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Buckeye barrage buries Badgers

Ohio State runs Wisconsin out of Columbus behind 68 percent shooting

It turns out Jon Diebler knows a little something about saving the best for last.

Ohio State's senior marksman came into Sunday's game averaging six points per game and shooting just 6-of-21 on 3-pointers in six career games against Wisconsin. He had never hit more than two 3-pointers in a game against the Badgers. Until today. Diebler busted loose in a revenge game with 27 points on 7-of-8 shooting behind the arc to propel No. 1 Ohio State (29-2, 16-2 Big Ten) to a 93-65 demolition of No. 10 Wisconsin (23-7, 13-5).

The scarier part for the Badgers is that the other Buckeyes hit all seven of their 3-pointers. In all, Ohio State set an NCAA record with 14 consecutive made 3-pointers. The Buckeyes shot 32-of-47 (68.1%) from the floor as a team, including 14-of-15 (93.3%) on 3-pointers which is also an NCAA record for 3FG%. Not a flattering way for Wisconsin to get into the record books.

Wisconsin did not look anything like the poised team that rallied to beat the top-ranked Buckeyes a month ago. Credit freshman Aaron Craft for completely shutting down Jordan Taylor. Taylor was unable to get by Craft off the bounce and Ohio State made sure to stick both defenders with Taylor after screens to force the ball out of his hands. The junior guard scored only eight points on 2-of-9 shooting and was held without a field goal the entire second half.

Besides the mind-boggling performance from Taylor, one ominous trend that continued Sunday was the early foul trouble for Wisconsin senior Jon Leuer. Just eight minutes into the game, Leuer picked up his second foul and sat until the 4:39 mark. Leuer managed to score UW's last seven points of the first half, but the team was already in a deep hole by then.

Without his running mate to take pressure off of him, Taylor had no chance to keep up with Diebler's blitz. Diebler gave Wisconsin fair warning too, after dropping 10 treys on Penn State last Tuesday night. But time after time, the Badger defense allowed him to get clean looks at the basket in the first half, when he hit 4-of-5 treys to stake Ohio State to a 47-32 halftime lead. And once he and his teammates got rolling, there was no slowing them down.

Clearly the Buckeyes learned their lesson in Madison: don't let up. Ohio State never relented on defense in the second half either. Wisconsin scrapped it's way to a string of buckets after the break behind Josh Gasser, pulling within 59-48 with 12:47 remaining on a thunderous dunk and ensuing free throw by Mike Bruesewitz. But Ohio State responded with a 10-0 run over the next two minutes and pushed its lead to as many as 31 points by the end of the game. The Badgers went back to settling for contested jumpers for the most part because that is nearly all that was available.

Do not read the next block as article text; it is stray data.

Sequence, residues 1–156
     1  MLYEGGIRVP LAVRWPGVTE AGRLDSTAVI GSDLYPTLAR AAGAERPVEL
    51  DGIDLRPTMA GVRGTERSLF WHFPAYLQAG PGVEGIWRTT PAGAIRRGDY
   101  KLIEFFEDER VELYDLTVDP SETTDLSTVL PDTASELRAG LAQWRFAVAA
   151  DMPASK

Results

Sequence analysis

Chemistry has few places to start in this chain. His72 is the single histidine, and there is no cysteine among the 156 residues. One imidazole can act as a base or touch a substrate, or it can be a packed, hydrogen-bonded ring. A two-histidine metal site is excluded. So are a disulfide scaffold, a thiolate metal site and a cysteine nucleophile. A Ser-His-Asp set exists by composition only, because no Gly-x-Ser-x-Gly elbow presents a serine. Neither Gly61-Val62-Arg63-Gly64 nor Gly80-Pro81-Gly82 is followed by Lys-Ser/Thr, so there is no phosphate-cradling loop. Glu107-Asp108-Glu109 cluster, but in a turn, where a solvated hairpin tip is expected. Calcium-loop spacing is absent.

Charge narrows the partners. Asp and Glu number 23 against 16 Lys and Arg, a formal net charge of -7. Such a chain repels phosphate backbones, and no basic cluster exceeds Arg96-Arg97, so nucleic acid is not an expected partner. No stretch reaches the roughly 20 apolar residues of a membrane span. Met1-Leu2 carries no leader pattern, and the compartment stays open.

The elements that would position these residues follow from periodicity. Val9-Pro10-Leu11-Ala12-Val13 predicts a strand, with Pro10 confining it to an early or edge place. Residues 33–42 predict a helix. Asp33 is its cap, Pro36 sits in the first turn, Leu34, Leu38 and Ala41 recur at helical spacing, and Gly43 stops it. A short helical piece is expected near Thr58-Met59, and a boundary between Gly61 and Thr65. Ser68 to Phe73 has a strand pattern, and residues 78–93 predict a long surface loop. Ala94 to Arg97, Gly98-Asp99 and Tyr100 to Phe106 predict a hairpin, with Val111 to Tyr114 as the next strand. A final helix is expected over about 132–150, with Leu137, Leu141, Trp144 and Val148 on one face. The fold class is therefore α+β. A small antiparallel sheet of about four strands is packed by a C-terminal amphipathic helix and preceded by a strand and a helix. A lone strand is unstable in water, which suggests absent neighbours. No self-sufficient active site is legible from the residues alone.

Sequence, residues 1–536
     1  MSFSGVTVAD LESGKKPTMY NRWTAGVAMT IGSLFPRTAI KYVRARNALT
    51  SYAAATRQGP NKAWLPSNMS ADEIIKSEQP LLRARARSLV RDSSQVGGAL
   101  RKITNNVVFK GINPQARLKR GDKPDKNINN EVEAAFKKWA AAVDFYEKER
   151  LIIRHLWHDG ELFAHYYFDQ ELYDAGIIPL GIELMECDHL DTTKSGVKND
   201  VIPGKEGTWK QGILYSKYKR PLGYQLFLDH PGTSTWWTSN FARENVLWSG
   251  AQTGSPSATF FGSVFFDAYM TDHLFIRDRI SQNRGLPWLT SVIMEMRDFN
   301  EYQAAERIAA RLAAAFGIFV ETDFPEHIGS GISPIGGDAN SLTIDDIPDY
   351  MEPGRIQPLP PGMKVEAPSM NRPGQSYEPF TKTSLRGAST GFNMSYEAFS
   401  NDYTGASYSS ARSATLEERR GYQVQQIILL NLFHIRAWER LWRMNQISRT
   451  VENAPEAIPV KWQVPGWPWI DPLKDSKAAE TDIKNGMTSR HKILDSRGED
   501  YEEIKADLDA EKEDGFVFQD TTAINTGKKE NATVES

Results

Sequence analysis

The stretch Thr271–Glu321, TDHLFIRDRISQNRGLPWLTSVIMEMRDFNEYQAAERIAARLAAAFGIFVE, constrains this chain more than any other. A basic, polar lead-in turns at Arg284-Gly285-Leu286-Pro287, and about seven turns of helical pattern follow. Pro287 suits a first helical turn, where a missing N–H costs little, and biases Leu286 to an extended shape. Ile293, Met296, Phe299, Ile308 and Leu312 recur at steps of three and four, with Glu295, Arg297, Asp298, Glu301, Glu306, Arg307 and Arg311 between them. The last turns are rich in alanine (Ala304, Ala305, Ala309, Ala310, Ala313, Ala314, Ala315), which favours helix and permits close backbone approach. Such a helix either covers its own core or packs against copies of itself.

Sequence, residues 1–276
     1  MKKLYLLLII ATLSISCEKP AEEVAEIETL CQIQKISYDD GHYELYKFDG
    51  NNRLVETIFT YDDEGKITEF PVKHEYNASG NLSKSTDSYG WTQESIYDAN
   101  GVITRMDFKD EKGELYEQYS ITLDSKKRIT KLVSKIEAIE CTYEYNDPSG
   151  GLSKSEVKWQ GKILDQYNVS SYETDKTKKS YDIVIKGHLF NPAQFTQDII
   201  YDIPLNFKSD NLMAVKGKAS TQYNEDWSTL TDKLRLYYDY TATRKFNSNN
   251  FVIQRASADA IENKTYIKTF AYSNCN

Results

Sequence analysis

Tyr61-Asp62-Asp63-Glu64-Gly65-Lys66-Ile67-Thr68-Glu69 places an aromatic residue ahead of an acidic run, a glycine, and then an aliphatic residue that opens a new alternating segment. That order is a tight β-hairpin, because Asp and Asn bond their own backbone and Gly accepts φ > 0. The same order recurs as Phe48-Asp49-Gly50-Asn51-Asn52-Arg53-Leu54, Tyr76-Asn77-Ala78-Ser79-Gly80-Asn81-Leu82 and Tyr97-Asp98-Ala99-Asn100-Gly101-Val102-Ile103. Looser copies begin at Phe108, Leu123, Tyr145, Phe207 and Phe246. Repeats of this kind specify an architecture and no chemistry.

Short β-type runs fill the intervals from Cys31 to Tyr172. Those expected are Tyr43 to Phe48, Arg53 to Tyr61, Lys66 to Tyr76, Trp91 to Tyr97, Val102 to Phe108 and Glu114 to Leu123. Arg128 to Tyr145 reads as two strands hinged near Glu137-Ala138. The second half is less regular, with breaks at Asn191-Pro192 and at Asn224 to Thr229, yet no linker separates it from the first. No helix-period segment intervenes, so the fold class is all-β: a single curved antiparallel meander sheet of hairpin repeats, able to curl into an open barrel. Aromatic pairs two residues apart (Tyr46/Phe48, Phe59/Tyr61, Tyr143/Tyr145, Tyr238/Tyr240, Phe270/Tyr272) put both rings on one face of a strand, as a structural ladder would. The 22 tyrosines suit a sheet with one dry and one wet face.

Meanwhile, Diebler was allowed to keep shooting right over the top of Gasser until the defensive assignments were switched. It was too little, too late. In addition, the attention paid to Diebler -- however inadequate with such a hot shooter -- opened up the lob pass inside to Jared Sullinger and eventually gave way to driving lanes for Craft and others. Sullinger finished with 22 points and eight rebounds, while William Buford added another 18 points.

It is ironic that just days after losing out a highly-ranked athletic recruit from its own state, Wisconsin's weakness on the wing was exposed again. At each position, Ohio State was quick enough to stay in front of Badger penetration for the majority of the game. When the Buckeyes had the ball, Wisconsin could not say the same. Help defense had to cover for guys who failed to stay with their defensive mark, which limited Wisconsin's ability to sell out to stop Diebler, Buford and David Lighty from hitting treys.

Though Gasser had the best view of Diebler's shooting clinic all night, he should be commended for his efforts on offense. He was easily the most composed Badger on the court and his 17-point, six-board display allowed Wisconsin fans at least a little to be excited about. Gasser's shooting stroke is officially back after going 2-for-3 on 3-pointers and shooting 70% overall.

Leuer added 16 points for Wiscosin, but must become more assertive earlier in games on the offensive end. And that cannot happen if he is stuck on the bench.

Taylor lost his bid to become this season's Big Ten scoring champ but maintained his grip on his nation-leading assist-to-turnover ratio with four assists and zero turnovers. I imagine he cares more about getting back on the winning side though.

The loss was Bo Ryan's most lopsided defeat in nine years and the 93 points were the most surrendered by Wisconsin since Arizona blew the Badgers away in the 2006 NCAA tournament. Losing also solidifies Wisconsin as the No. 3 seed in this week's Big Ten Tournament, where the Badgers will meet the winner of the Penn State-Indiana game on Friday.

Aren't you glad this one wasn't a tournament game?